Objective: To assess the seroprevalence of hepatitis B virus (HBV), syphilis, and HIV and associated risk factors in pregnant women and their male partners from six indigenous populations of the Peruvian Amazon Basin. Methods: A cross-sectional study was performed in six indigenous populations from the Peruvian Amazon Basin. Blood samples were obtained and tested for HBV (antibodies to the hepatitis B core antigen (anti-HBc) and hepatitis B surface antigen (HBsAg)), for syphilis (rapid plasma reagin and microhemagglutination assay for Treponema pallidum antibodies), and for HIV (ELISA and indirect immunofluorescence test). A survey was also performed to identify associated risk factors. Results: One thousand two hundred and fifty-one pregnant women and 778 male partners were enrolled in the study. The seroprevalence of anti-HBc in pregnant women was 42.06% (95% confidence interval (CI) 39.28-44.85%) and in their male partners was 54.09% (95% CI 50.32-57.86%). The seroprevalence of HBsAg in pregnant women was 2.11% (95% CI 0.78-3.44%) and in their male partners was 3.98% (95% CI 1.87-6.08%). The seroprevalence of syphilis in pregnant women was 1.60% (95% CI 0.86-2.33%) and in their male partners was 2.44% (95% CI 1.22-3.66%). HIV seroprevalence in pregnant women was 0.16% (95% CI 0.02-0.58%) and in their male partners was 0.29% (95% CI 0.04-1.03%). Sexual risk factors were strongly related to blood markers of syphilis and HBV. Conclusions: Hepatitis B was found to be hyperendemic and strongly related to sexual factors, suggesting an important sexual component in the transmission of the disease in the populations studied. Syphilis was found to have an endemicity in pregnant women above the national level and this may be indicative of high mother-to-child transmission. HIV has started to show its presence in indigenous populations of the Amazon Basin and the results suggest the epidemic is concentrated.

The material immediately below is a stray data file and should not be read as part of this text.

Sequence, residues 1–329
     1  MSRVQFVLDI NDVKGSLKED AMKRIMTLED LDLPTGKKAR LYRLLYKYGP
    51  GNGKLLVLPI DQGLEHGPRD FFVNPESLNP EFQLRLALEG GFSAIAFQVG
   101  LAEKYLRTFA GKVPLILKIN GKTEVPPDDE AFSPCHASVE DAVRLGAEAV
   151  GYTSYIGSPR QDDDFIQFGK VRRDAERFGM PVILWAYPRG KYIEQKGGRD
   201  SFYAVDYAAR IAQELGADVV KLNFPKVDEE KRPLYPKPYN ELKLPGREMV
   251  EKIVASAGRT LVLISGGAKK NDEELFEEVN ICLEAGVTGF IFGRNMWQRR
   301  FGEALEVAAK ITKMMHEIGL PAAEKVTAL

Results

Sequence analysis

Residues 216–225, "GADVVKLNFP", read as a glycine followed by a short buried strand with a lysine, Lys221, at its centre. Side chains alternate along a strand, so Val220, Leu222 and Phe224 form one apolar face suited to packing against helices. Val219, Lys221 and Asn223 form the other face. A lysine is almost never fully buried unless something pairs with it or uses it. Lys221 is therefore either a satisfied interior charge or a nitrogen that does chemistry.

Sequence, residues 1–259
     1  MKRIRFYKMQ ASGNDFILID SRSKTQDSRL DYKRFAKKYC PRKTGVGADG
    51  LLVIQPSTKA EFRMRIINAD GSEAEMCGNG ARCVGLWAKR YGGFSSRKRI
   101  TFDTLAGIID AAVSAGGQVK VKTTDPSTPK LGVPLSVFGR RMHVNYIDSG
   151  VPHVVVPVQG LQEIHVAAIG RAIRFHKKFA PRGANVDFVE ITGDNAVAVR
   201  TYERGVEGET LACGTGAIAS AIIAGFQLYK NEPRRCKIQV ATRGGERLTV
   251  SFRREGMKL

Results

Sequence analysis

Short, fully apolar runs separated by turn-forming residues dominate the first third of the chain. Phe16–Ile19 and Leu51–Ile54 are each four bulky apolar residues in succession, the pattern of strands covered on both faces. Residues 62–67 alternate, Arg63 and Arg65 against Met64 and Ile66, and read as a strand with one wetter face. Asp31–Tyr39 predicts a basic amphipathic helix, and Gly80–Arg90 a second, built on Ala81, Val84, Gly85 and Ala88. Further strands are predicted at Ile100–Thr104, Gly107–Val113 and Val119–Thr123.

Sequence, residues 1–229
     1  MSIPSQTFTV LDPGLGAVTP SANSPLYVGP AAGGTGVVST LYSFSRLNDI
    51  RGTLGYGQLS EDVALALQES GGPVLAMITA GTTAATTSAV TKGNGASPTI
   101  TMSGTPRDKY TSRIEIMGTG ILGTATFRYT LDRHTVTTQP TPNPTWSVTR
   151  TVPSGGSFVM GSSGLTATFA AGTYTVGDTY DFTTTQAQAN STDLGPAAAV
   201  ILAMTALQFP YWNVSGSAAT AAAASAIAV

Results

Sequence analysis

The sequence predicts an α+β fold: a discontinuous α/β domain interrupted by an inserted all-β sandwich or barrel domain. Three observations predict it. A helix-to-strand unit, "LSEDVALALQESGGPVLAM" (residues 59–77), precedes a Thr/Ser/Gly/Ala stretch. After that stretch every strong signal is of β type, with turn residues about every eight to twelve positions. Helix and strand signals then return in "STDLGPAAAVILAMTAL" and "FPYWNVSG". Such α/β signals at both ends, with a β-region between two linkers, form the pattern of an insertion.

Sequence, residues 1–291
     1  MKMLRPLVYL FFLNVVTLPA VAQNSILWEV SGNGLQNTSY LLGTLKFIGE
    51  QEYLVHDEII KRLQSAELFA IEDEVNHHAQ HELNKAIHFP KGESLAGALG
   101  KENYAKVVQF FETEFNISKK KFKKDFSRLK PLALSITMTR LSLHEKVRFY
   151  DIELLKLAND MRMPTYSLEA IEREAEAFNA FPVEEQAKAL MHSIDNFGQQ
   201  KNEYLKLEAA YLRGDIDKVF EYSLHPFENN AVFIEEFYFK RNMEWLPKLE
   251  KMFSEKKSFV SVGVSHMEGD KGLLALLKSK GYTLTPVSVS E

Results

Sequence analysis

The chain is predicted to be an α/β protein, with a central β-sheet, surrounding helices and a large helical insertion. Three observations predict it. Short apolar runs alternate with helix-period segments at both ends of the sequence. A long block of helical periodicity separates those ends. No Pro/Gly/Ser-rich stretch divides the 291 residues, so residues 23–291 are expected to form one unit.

Bibliographical noteFunding Information:
We wish to acknowledge the representatives and communities of the indigenous populations included in the study. We thank UNICEF for financial support for the meetings and workshops with the indigenous population authorities. We thank the authorities and health workers of the health regions of Cusco, Junin, Loreto, Pasco, and Ucayali and the network of health services from Datem del Marañón, Camisea, Kimbiri, Kiteni, Pichanaki, Perené, Oxapampa, Puerto Bermúdez, N°2 Carretera Federico Basadre, Padre Abad, San José de Yarinacocha, Iparia, Bolognesi, and Masisea. Thanks also to Dr. César Gutiérrez, from the Tropical Institute of Medicine, of Universidad Nacional Mayor de San Marcos, for reviewing the manuscript.
Funding: The study was funded by the Ministry of Health of Peru. UNICEF financed the meetings and the workshops held with the indigenous population authorities.
Copyright 2013 Elsevier B.V., All rights reserved.
- Hepatitis B virus
- Indigenous populations